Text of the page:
Tag Archive: Karen the Rock Whisperer

Karen the Rock Whisperer

karen

Karen’s current Facebook profile picture

One of the regular commenters on this blog, Karen the Rock Whisperer, is currently hospitalized in California. Over the past month or so, she has had a plethora of health problems that have repeatedly landed her in the hospital. Sometimes, in the digital world, we forget that real flesh-and-blood people are attached to an online username. Even though I have never met Karen face to face, I consider her a friend. I wish her well as she battles the various afflictions that have laid her low. I can’t offer up prayers or even karmic good thoughts, but I can say, Karen, I hope you get better soon!

Let me leave you with several comments Karen made in 2015:

Comment #1

I was at least moderately depressed all my life, and finally getting treatment for that illness was my start on the road away from religion. The story: I was raised Catholic in the liberal West Coast church of the 1960s and 1970s. I attended Catholic schools through 12th grade, and was taught my religion by a bunch of wonderful nuns who were determined to raise up a student body of social justice warriors. They tended to slide over the parts of the theology that were disconcerting; the important things in life were to take joy in the gifts of God, be properly grateful for them, and put them to the uses he intended. In college I made friends with Evangelical Christians, and discovered there was a whole other Christian religion out there. They seemed to have a more evidence-based faith, one based on the bible and not the pronouncements of the church hierarchy. I explored that for a few years. Meanwhile I met and married a man who was raised in an Evangelical tradition but was not religious.

I got into serious trouble with the Evangelical message. I couldn’t get my mind around the notion that one could take the entire bible literally. And the constant emphasis on sin, and my worthlessness, fed my depression fiercely. We were attending church regularly, but my husband finally insisted we quit, because the sermon would leave me in tears of despair; not even God could love someone as worthless as I. So I stopped going to church, but the damage was done, and it ate and ate at me for several years. Finally, in my mid-thirties, I reached a point of not being able to function beyond doing simple household tasks (I had been a very successful engineer). The doctor put me on Prozac. The effect was amazing. I discovered I was not worthless. I discovered that my every action was not somehow based in sin. I was thinking somewhat clearly about myself for the first time!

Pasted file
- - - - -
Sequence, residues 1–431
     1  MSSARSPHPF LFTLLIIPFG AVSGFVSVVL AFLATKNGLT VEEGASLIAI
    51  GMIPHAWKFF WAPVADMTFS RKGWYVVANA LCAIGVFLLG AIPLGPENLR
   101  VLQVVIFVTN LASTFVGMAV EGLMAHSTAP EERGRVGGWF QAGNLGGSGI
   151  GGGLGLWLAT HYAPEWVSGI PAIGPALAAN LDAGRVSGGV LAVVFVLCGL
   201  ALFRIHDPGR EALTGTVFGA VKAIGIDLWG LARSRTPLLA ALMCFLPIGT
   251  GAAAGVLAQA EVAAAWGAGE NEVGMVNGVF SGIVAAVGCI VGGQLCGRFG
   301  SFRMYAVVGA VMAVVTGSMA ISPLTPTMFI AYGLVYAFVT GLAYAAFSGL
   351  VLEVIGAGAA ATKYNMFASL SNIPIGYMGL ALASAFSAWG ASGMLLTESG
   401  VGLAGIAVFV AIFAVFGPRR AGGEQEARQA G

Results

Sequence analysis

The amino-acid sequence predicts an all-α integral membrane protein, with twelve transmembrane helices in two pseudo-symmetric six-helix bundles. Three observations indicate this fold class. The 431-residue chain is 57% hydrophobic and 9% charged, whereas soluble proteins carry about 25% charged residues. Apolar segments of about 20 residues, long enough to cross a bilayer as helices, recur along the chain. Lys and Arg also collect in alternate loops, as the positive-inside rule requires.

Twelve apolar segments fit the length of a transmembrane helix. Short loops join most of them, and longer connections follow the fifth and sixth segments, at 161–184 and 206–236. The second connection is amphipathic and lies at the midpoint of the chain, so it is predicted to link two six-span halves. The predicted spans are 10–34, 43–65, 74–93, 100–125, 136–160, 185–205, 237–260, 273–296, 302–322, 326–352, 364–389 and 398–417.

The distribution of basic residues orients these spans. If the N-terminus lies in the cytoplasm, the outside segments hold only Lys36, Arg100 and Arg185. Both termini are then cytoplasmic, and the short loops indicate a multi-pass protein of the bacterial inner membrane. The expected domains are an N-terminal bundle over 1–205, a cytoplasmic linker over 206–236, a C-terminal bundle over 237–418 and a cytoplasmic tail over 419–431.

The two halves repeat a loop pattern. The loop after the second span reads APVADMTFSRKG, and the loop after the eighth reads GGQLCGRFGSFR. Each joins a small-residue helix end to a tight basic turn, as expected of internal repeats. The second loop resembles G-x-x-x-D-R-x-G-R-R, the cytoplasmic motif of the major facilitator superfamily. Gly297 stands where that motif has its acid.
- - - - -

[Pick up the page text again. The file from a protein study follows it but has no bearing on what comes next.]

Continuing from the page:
The process of healing was very long, and to some extent continues to this day. But very early on, I started questioning everything I knew about what was really right and wrong, true and false, including religious beliefs. That led me on a long and winding path, but eventually I was able to chuck it all as lacking in evidence. And also, along the way, I had to re-learn that the purpose of life is to take joy in what I’m given, be grateful for it, and put it to good use in a way consistent with secular humanism and social justice.

So while my life doesn’t involve any deities, in the end the nuns got the last word.

Comment #2

I appreciate your writing. Though I gave up on Christianity many years ago, it is learning about experiences like yours that have really made me comfortable in my atheist/humanist skin. While I don’t rage against the faith, I also no longer tiptoe around family and friends who are Christians. I’m no longer shy about objecting when they advocate bad ideas under cover of faith. This has made me much happier, but also enabled me to spread what I think are important messages about how we humans treat one another — and occasionally, I can make the faith-bound think.

Comment #3

As a geologist, I don’t have much knowledge of biology. I have played a bit with invertebrate fossils, and the changes we see through time in those fossils have made evolution real to me in a way that no amount of reading and lectures and presentations possibly could. But I have to leave in-depth understanding of all the different lines of evidence to my colleagues in the biological sciences. And I’m quite happy with that, because I trust that they do science the same way I do and have properly put together the story that these lines of evidence tell.

And that’s the fundamental problem in debating with creationists: they don’t trust the process of science. They don’t participate in it (for the most part), at best pretending to play at it. They can’t honestly do it, because their faith requires fitting the evidence to the conclusion. Dealing with them is just tiresome. But the ones who annoy me the most are big on arguing “XYZ disproves [evolution/age of the universe/big bang/etc.], therefore Christ!” Um, no. even if they’re right about XYZ (and they never are), that doesn’t say a damn thing about what really is true. Disproving evolution would definitely win you the Nobel prize, but implies nothing about the truth of Christianity or any other faith.